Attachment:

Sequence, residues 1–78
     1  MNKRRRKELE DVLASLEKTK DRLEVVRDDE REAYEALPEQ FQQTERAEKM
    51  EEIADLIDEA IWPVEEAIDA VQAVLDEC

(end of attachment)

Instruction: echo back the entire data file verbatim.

Sequence, residues 1–78
     1  MNKRRRKELE DVLASLEKTK DRLEVVRDDE REAYEALPEQ FQQTERAEKM
    51  EEIADLIDEA IWPVEEAIDA VQAVLDEC